The country round about was ineffably lovely in the rose light of the vanishing day.
Great was his confidence, implicit, sublime, ineffably Irish.
The water-courses were ineffably stony, and, of course, there were no bridges.
Already there was something sacred and ineffably sweet about her voice and face.
Of course it is all ineffably absurd, but the mania for dress extends even to the lapdog in Paris.
Either this writer is ineffably ignorant, or his impudence is astounding.
The face that Charlie made in these circumstances was so ineffably funny, that Toc burst into uncontrollable laughter.
For the rest, His ex-Excellency seemed to be ineffably bored with his new functions.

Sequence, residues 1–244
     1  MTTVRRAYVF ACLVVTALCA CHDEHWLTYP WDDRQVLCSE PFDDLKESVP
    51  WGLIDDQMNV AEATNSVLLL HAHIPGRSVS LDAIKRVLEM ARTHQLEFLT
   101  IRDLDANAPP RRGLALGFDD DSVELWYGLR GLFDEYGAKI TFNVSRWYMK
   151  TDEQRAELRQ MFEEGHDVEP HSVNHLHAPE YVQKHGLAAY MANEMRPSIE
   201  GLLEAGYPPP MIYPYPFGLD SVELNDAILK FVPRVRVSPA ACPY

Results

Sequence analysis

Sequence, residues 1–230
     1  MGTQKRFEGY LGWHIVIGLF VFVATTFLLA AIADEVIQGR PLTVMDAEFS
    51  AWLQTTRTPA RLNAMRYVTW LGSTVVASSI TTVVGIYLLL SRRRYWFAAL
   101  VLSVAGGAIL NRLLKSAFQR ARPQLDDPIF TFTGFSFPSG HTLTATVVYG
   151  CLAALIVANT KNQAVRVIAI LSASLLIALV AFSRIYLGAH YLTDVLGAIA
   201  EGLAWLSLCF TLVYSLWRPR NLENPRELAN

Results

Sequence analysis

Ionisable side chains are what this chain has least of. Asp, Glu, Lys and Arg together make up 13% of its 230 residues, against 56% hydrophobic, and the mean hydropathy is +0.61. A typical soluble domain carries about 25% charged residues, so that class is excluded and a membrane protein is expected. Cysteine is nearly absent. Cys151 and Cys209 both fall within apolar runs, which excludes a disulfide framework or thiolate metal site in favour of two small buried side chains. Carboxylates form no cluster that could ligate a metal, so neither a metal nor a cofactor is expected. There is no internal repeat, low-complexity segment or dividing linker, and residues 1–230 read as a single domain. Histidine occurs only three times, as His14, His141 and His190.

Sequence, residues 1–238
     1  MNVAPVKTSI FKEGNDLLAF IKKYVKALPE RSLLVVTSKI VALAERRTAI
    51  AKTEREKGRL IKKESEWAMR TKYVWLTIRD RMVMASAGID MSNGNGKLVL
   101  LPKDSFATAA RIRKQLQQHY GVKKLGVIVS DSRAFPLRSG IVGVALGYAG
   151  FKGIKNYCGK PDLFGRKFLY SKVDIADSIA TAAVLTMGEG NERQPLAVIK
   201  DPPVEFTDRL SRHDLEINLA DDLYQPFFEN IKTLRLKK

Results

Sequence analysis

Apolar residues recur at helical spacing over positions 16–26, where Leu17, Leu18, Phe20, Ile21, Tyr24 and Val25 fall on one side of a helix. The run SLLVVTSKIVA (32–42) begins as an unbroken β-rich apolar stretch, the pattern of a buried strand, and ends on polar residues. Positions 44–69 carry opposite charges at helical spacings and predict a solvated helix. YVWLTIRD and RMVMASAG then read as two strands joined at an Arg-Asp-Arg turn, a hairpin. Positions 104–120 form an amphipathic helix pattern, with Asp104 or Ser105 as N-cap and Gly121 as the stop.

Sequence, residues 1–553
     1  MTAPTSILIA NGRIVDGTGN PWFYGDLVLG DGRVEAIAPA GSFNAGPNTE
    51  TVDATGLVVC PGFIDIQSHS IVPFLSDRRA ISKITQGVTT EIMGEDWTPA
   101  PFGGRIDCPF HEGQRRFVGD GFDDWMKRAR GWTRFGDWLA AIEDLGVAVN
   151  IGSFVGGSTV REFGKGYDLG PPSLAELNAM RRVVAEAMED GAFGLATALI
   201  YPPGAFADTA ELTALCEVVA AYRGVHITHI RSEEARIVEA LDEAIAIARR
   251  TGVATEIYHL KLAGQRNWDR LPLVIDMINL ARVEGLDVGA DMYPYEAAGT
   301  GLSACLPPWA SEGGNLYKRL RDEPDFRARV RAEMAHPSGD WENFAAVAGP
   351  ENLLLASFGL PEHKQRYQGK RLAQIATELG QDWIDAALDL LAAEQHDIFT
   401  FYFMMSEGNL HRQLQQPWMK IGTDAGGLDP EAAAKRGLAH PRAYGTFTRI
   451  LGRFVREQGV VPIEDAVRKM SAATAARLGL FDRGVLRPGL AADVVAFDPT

ineffably he longed to keep it—all that he had in life of sunshine.
How interesting, how tremendously, ineffably interesting was Life!
late 14c., from Old French ineffable (14c.) or directly from Latin ineffabilis "unutterable," from in- "not, opposite of" (see in- (1)) + effabilis "speakable," from effari "utter," from ex- "out" (see ex-) + fari "speak" (see fame (n.)). Plural noun ineffables was, for a time, a jocular euphemism for "trousers" (1823). Related: Ineffably.